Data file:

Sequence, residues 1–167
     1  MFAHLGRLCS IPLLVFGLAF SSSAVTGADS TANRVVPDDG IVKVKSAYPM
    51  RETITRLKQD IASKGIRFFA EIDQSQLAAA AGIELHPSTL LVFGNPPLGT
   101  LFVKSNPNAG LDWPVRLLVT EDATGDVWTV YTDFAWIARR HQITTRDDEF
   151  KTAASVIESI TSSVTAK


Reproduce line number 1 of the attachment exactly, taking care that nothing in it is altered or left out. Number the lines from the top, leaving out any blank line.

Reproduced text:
Sequence, residues 1–167